Pfizer Dose 1
It’s easy to romanticize the experience of getting vaccinated. For me, it was a fairly ordinary civic duty merged with traffic to downtown Philly, hunting for a parking spaces, hitting a pothole or twelve, and waiting in a line in temperatures 20° colder than yesterday. PA weather this time of year is dumb.
The morning was also surrounded by a stop at the Belmont Plateau, where I began a virtual retreat for the next two days, conversations with a former seminary intern coincidentally behind me in line, and a walk along the so-very empty pathway on the Delaware River where padlocks and chalk art call out for hope. In these spaces, I was reminded of the connectional realities of not only the church, but also and more belovedly- the human family. This commonality is the sacred Energy that made this day possible for so many before and after my single-dose injection.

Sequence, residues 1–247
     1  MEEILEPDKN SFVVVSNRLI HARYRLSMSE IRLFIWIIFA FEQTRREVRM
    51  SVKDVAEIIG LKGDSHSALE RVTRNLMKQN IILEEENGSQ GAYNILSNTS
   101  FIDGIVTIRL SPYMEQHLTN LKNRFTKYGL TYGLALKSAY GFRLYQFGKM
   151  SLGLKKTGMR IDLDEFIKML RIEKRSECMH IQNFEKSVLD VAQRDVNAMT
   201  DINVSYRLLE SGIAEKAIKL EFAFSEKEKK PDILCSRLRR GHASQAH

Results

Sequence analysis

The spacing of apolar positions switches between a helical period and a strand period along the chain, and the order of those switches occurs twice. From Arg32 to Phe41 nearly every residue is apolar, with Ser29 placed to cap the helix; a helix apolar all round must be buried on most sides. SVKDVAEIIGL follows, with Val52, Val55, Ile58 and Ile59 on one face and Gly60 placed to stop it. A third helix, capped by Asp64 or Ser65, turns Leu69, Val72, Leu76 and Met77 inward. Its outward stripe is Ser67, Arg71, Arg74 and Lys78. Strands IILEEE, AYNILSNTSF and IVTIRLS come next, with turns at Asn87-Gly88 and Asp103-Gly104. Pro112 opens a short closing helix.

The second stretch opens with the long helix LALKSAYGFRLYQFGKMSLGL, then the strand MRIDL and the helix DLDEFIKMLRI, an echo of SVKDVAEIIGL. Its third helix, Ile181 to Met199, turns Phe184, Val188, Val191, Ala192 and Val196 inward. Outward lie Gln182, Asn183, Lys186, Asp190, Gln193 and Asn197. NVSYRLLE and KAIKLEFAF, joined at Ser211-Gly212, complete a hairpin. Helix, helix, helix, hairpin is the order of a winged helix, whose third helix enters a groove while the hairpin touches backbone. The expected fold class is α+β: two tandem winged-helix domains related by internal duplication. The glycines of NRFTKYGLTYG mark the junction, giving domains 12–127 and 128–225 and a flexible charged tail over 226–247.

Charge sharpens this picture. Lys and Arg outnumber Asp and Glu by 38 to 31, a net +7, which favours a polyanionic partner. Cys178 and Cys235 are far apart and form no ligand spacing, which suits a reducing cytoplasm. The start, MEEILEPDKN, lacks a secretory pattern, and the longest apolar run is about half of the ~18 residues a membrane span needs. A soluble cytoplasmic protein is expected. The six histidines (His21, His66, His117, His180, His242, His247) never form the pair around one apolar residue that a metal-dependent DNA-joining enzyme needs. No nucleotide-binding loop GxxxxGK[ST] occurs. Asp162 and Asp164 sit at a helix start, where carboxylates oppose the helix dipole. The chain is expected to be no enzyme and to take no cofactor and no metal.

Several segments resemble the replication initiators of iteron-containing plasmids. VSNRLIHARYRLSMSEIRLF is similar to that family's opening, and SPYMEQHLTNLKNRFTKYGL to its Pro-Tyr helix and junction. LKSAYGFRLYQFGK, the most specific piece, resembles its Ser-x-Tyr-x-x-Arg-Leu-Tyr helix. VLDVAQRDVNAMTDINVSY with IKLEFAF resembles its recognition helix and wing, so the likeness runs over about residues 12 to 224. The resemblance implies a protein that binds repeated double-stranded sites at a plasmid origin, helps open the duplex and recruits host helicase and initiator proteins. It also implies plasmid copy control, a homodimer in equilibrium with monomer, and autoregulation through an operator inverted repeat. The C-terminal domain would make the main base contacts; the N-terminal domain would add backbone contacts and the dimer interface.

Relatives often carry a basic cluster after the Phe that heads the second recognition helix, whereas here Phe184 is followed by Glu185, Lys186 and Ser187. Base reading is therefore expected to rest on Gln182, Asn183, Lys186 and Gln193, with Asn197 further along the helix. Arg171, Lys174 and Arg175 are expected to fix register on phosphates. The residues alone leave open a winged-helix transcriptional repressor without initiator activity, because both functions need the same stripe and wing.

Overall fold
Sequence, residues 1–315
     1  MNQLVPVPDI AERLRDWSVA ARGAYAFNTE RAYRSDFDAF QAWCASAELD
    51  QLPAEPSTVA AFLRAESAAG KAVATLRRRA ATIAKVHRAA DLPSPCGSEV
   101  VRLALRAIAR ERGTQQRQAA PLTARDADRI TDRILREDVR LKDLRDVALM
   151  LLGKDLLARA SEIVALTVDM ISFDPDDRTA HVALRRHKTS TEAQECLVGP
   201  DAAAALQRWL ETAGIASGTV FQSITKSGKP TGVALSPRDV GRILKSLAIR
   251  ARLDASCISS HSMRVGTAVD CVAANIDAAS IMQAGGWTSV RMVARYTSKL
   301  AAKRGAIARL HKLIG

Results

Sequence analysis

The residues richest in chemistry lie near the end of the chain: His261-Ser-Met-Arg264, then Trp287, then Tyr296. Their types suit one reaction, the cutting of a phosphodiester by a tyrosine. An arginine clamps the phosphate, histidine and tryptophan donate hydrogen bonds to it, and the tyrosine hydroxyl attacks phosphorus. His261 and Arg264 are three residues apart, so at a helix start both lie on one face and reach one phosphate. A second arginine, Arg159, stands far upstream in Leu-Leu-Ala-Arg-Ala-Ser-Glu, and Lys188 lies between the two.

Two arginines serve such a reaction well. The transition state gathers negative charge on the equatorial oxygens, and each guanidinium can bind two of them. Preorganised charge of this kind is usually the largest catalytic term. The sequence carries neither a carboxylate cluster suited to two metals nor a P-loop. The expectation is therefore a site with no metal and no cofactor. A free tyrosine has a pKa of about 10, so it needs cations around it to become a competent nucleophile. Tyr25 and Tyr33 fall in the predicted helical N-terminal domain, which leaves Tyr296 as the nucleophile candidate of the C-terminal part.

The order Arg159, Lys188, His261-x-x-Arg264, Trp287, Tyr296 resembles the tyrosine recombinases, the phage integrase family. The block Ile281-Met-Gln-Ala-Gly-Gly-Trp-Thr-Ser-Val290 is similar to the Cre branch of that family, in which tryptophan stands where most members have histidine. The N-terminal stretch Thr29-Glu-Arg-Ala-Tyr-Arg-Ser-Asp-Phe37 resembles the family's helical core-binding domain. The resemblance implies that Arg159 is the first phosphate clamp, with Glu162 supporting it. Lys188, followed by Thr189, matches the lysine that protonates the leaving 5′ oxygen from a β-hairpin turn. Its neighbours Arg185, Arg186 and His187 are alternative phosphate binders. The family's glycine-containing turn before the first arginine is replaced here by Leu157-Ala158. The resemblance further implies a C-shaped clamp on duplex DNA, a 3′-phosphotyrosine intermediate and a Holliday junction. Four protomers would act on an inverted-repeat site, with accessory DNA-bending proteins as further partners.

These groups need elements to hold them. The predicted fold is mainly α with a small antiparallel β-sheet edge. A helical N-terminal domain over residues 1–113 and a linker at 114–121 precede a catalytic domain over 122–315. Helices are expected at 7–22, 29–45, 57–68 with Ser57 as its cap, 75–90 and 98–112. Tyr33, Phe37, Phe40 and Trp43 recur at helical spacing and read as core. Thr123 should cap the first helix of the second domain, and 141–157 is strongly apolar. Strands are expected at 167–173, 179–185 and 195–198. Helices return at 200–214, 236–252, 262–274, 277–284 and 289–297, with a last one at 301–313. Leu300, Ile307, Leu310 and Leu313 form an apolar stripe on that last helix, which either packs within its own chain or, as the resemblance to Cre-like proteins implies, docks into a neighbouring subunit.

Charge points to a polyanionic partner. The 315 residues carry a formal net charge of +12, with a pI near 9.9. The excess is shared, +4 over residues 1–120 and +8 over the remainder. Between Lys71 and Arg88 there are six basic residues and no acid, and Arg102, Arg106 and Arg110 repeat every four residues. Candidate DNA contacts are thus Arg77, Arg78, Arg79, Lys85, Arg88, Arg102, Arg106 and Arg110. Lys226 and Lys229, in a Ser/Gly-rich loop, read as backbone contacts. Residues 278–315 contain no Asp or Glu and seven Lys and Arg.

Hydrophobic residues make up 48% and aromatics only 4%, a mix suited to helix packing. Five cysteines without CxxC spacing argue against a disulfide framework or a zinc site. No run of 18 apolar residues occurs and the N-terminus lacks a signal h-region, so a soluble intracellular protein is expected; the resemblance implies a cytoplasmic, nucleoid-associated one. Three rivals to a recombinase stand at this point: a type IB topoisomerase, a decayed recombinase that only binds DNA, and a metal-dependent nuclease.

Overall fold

I didn’t cry. Maybe a little. Mostly I thought about all I have hoped for these last 14 months. I thought about brilliant scientists and researchers who pulled off this global miracle. I thought about those who were not able to make it to this day, because even a miracle wasn’t fast enough. I thought about those who still lack access or fear the vaccine for a variety of reasons. I thought about the smell of my stale breath behind a mask and what could’ve been if more people would have been willing to endure a tic tac for the sake of the common good. I thought about medical personnel and chaplains, therapists and volunteers at vaccine and testing sites. I thought about officiants at funerals. I thought about my children and wife, my closest friends and family. I gave thanks, lifted a prayer, looked for a piece of chalk to add my own word of hope (no luck), and now hold on hope for another day. I dare to believe there is enough energy, intelligence, imagination, and love to get us through this hell until heaven is on earth and all is right and good again. I dare believe resurrection is happening and will happen...even when such belief feels so very trivial and mundane, even terrifying. I trust this is not the end, but a new beginning...of beginnings.